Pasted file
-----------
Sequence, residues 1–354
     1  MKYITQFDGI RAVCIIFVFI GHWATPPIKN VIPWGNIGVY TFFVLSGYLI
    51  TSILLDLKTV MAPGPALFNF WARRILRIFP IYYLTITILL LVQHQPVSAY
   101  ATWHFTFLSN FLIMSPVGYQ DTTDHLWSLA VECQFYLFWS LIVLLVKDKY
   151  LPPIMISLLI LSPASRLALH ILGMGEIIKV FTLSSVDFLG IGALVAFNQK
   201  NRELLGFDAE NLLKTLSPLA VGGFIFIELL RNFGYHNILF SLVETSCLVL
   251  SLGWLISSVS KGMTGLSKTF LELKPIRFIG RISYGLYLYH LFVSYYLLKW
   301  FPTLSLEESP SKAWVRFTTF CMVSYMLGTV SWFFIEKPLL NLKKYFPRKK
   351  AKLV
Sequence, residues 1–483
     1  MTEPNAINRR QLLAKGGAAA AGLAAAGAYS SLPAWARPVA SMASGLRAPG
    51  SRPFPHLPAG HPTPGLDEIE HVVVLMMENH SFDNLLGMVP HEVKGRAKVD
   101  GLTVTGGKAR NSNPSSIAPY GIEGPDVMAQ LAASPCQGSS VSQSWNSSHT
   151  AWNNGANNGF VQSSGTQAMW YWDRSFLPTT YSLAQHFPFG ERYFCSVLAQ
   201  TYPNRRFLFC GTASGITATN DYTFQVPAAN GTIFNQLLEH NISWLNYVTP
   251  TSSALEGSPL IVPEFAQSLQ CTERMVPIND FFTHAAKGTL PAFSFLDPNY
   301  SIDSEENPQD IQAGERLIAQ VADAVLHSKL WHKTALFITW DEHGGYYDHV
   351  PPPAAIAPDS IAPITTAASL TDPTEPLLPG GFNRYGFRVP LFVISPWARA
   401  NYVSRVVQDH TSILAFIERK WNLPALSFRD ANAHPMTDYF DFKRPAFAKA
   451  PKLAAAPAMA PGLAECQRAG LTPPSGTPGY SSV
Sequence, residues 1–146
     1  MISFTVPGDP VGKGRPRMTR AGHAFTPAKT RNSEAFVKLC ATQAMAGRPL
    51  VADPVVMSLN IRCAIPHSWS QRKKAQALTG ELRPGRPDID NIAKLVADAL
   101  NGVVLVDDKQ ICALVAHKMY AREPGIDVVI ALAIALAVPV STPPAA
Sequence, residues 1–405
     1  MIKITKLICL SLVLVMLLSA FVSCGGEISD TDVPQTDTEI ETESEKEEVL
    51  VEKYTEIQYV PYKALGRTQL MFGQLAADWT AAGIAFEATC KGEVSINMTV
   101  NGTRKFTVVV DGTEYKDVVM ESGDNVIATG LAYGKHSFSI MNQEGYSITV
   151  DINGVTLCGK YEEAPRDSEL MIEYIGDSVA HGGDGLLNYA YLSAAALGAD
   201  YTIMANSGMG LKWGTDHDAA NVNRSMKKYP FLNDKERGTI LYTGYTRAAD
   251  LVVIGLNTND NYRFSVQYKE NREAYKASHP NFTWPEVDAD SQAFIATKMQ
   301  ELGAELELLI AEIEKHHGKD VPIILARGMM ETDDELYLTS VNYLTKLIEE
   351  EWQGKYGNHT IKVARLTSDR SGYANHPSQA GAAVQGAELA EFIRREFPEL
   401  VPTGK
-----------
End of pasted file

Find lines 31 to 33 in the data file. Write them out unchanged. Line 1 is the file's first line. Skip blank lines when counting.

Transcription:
   251  LVVIGLNTND NYRFSVQYKE NREAYKASHP NFTWPEVDAD SQAFIATKMQ
   301  ELGAELELLI AEIEKHHGKD VPIILARGMM ETDDELYLTS VNYLTKLIEE
   351  EWQGKYGNHT IKVARLTSDR SGYANHPSQA GAAVQGAELA EFIRREFPEL